Biocognon’s Nanobody discovery platform is deeply rooted in Fluorogen Activating Protein (FAP) technology developed over the past two decades at Carnegie Mellon University. FAPs offer powerful advantages over current fluorescence based cell sorting or imaging methods used for screening antibodies. CMU researchers and collaborators have published over 150 papers developing FAP technology for diverse biological applications. Sharp Therapeutics and SpectraGenetics are Pittsburgh CMU spin-offs based on variants of FAP technology. See our Research page for a list of publications and illustrative examples.

Crucially, as described on Biocognon’s Mission page, FAP-based biosensors enable the development of a yeast secrete-and-display Nanobody discovery platform where multiple co-expressed target antigens can be combinatorially screened (ref. 152). A transformative capability of Biocognon’s platform is efficient conversion of genetic information into screenable antigens without the need of purifying those antigens one-by-one. Our FAP-based biosensors facilitate the far-reaching application of synthetic biology and supervised machine learning to antibody discovery.

While details of the FAP-based biosensors used in our Nanobody discovery platform are unpublished, it is helpful to understand the basic principles that make the FAP technology so useful. FAPs are ~30 kilodalton single chain antibody fragments that specifically and tightly bind small non-fluorescent dyes (fluorogens). These fluorogens become intensely fluorescent only when bound to a cognate FAP. One can selectively fluorescently label proteins expressed at the surface of a cell by directly adding cell impermeant derivatives of fluorogens. No washes to remove unbound (non-fluorescent) fluorogen are necessary.

This efficient and inexpensive labeling method is ideal for developing a yeast co-expressed secrete-and-display screening platform because FAPs fused to surface-displayed Nanobodies and captured cognate antigens each fluoresce in different colors, and thus directly facilitate quantitative ratiometric fluorescence activated cell sorting. Current fluorescent labeling methods, principally using anti-FAP antibodies chemically conjugated to a fluorescent dye or genetically fused to an enzymatic fluorescent reporter, would be far more expensive and cumbersome. Fluorescent proteins cannot be used because they generate interfering fluorescent signals from inside the cells.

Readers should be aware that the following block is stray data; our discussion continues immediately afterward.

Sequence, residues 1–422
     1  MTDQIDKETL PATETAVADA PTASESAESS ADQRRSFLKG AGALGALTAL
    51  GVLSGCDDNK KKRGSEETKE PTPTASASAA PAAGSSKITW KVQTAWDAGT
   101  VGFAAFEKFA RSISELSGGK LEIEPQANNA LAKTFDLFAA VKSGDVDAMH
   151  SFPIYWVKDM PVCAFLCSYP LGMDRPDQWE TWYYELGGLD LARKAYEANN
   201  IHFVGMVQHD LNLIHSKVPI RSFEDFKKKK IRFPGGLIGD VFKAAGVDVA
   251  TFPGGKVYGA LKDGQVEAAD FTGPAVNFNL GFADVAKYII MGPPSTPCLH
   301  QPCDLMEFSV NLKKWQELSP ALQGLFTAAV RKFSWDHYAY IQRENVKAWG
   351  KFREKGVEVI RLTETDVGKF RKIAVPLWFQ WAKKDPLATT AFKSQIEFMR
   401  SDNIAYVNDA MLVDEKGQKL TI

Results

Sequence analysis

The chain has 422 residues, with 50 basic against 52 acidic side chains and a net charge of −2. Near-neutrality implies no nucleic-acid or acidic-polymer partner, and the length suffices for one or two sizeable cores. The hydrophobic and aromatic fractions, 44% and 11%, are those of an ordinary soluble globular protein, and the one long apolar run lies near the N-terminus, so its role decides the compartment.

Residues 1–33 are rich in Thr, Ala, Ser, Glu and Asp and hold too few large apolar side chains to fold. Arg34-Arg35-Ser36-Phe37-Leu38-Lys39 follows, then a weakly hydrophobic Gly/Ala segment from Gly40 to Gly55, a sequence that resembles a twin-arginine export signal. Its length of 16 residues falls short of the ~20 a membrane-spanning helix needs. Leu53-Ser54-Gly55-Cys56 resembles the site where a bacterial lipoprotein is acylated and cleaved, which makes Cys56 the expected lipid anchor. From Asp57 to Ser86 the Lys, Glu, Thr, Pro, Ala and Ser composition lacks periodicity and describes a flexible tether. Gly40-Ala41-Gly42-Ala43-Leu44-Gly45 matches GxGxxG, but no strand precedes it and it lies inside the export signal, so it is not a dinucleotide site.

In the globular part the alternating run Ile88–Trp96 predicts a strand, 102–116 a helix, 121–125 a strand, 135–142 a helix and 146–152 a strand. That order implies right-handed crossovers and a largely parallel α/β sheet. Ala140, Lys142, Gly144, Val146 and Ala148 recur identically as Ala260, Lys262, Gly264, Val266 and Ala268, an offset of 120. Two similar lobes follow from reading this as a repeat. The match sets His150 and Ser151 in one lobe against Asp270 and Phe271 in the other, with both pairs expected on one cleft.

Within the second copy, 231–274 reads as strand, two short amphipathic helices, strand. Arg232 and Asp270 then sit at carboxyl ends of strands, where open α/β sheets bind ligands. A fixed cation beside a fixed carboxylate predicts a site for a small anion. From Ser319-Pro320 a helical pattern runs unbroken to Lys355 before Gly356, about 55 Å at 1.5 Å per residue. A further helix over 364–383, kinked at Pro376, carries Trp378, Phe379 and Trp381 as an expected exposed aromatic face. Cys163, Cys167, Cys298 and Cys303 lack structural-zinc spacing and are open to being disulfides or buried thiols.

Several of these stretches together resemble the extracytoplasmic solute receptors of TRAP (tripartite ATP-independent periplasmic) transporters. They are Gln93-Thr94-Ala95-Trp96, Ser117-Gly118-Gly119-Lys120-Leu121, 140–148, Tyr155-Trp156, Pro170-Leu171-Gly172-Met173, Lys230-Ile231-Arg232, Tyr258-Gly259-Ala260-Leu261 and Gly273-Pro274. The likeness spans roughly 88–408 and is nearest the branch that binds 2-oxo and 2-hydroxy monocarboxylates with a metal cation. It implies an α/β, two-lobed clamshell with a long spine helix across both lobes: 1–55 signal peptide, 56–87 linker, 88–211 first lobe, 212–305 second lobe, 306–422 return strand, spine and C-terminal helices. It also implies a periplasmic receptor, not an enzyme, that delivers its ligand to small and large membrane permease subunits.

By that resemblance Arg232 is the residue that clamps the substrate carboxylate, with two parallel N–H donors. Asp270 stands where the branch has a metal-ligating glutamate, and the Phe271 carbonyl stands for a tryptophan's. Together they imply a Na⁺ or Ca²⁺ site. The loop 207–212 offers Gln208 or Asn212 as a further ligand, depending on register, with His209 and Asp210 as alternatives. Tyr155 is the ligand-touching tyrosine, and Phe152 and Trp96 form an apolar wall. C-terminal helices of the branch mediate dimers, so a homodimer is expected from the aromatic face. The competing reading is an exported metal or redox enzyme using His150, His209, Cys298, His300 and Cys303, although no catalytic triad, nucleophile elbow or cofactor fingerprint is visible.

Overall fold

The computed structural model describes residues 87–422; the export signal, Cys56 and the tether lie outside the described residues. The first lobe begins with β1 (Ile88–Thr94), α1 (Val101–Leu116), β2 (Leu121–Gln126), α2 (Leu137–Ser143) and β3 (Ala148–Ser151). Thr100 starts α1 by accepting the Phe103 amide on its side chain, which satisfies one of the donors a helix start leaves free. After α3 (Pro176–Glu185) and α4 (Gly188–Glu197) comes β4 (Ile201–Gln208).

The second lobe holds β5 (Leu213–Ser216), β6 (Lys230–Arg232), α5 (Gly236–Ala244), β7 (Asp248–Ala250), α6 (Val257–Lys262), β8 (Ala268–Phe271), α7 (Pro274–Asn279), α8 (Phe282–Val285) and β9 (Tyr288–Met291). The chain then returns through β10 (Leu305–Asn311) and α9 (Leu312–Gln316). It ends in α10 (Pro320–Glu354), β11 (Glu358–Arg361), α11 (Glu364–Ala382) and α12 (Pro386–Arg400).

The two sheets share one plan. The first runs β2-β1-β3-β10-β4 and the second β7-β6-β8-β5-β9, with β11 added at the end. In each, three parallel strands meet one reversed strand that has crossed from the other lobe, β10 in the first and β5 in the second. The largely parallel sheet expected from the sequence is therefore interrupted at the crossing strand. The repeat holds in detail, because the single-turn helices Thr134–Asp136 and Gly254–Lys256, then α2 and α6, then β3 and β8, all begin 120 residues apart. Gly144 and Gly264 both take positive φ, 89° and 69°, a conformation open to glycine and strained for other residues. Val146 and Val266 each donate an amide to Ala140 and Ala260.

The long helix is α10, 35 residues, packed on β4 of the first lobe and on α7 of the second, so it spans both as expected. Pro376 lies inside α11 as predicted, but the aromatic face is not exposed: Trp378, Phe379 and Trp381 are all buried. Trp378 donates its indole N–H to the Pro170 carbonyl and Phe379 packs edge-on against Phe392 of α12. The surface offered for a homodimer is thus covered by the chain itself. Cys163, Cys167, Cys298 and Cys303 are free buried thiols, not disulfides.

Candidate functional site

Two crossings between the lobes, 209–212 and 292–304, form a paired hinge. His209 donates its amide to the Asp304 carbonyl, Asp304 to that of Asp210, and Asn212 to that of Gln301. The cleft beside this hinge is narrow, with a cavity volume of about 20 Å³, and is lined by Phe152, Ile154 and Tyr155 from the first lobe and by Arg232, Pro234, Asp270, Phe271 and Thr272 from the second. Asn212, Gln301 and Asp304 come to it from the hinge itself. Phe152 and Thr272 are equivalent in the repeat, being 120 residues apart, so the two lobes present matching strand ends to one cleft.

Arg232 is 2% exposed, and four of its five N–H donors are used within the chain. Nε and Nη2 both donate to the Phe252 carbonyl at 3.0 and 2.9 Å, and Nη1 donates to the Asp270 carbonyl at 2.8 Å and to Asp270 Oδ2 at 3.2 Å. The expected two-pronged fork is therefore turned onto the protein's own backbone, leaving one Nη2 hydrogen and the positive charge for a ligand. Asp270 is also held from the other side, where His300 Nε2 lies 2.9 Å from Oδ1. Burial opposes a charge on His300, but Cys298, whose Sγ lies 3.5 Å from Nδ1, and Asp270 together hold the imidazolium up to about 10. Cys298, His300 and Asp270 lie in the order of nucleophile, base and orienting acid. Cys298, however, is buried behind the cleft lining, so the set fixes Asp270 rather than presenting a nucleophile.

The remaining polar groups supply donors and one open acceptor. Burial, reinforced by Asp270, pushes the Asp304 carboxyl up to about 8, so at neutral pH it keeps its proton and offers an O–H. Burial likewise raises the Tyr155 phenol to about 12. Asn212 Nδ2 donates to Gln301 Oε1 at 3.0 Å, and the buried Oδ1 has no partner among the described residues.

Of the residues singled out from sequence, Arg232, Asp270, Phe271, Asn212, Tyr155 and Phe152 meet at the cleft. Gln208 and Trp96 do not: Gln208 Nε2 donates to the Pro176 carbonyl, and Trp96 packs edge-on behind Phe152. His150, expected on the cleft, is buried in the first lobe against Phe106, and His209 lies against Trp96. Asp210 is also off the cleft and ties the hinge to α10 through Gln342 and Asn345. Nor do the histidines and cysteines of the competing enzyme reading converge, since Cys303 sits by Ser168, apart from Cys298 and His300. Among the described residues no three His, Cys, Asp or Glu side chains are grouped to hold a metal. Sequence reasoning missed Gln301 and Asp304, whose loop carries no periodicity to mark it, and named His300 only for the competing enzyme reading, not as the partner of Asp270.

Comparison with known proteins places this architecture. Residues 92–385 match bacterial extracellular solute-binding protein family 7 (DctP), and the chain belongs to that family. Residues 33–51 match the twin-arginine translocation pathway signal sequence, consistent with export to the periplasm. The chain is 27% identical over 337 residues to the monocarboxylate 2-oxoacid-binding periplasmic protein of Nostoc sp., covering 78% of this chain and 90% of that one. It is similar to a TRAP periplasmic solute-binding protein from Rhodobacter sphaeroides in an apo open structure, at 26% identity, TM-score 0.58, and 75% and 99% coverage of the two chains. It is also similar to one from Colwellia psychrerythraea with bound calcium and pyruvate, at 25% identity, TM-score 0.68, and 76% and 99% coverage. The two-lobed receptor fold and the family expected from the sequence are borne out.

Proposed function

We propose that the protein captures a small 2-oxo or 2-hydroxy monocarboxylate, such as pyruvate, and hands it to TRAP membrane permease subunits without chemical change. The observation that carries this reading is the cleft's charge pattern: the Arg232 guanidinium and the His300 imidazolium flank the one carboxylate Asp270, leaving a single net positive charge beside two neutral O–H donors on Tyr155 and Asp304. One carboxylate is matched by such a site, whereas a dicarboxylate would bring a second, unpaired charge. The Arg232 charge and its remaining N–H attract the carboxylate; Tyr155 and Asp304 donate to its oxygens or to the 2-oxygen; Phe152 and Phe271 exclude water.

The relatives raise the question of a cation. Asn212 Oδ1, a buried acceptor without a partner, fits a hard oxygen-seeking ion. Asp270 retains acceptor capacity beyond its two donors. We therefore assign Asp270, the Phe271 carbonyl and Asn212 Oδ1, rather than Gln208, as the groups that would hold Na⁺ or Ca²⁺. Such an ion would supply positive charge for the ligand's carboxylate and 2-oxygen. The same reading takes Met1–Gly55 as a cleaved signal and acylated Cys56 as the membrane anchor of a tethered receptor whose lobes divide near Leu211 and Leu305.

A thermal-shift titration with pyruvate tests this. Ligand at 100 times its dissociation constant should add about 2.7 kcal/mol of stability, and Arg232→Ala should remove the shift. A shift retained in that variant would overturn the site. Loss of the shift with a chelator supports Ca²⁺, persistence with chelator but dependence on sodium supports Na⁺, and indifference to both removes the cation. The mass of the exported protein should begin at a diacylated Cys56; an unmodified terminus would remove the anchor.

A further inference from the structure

The simplicity and power of FAPs make them very useful tools for antibody discovery and cell and animal research, but FAPs can also be incorporated into actual products. FAPs may be used as a cheap instant method to non-covalently label antibody-FAP fusion proteins for diagnostic platforms. Our fluorogens include PEG linkers that may be coupled to pharmaceutical payloads such as toxins or radionuclides. Antibody-FAP drug conjugates (ADCs) may be non-covalently created onsite using a simple procedure that fluorescently reports stoichiometric self-assembly of the complex. This alternative mode of building ADCs may be especially important in the case of extremely labile and expensive radionuclides.

The ‘plug-in’ architecture, where payloads or sensor components are conjugated to fluorogens, and then delivered at will to genetically encoded FAP-fusion proteins in cells and animals, enables the construction of a wide variety of reporters and sensors for diverse biological applications. At will delivery of membrane permeant and impermeant fluorogens supports fluorescent reporting in time and space, facilitating kinetic studies of protein transport in cells and in the blood and tissues of animals.

‘Plug-in’ Nanobody-FAP or antibody-FAP fusions greatly extend the usefulness of Nanobodies for biomedical research and therapeutic applications because they don’t rely on genetically encoded host proteins fused to FAPs. This is a driving motivation for our Nanobody discovery platform.